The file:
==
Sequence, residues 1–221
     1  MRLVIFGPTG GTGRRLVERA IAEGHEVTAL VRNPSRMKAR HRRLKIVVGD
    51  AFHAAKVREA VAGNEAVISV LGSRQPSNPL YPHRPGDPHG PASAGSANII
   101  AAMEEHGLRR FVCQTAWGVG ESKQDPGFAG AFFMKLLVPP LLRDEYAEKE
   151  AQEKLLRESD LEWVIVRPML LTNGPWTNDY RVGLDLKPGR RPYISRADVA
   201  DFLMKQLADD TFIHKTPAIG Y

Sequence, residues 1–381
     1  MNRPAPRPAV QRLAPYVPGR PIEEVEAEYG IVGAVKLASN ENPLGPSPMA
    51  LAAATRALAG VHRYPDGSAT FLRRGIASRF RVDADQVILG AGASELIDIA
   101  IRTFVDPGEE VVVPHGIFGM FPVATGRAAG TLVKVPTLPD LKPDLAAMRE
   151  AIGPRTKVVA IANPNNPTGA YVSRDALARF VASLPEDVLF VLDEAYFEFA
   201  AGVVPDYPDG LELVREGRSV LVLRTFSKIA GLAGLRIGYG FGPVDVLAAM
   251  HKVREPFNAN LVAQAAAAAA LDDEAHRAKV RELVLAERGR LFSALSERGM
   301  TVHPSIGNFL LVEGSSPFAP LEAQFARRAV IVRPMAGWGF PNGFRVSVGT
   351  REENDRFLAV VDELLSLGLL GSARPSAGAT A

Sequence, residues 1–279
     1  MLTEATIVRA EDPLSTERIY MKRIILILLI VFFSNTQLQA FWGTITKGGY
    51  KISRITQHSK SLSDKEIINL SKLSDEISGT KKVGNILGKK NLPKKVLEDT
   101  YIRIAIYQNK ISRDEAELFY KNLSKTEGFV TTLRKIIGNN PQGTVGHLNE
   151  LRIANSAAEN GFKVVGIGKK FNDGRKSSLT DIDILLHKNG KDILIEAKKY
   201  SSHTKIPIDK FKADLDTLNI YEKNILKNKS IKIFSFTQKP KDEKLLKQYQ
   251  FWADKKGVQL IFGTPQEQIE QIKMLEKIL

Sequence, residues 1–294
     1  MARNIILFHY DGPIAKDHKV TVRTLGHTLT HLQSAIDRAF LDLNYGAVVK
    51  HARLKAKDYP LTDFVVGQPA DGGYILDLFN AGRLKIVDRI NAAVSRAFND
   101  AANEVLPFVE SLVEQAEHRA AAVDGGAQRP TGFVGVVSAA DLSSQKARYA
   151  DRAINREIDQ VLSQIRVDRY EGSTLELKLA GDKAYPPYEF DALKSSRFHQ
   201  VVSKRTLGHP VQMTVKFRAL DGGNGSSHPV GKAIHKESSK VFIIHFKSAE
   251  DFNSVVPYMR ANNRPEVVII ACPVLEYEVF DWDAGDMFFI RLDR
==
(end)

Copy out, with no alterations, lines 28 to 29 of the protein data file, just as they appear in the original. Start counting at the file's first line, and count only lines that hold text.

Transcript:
   201  VVSKRTLGHP VQMTVKFRAL DGGNGSSHPV GKAIHKESSK VFIIHFKSAE
   251  DFNSVVPYMR ANNRPEVVII ACPVLEYEVF DWDAGDMFFI RLDR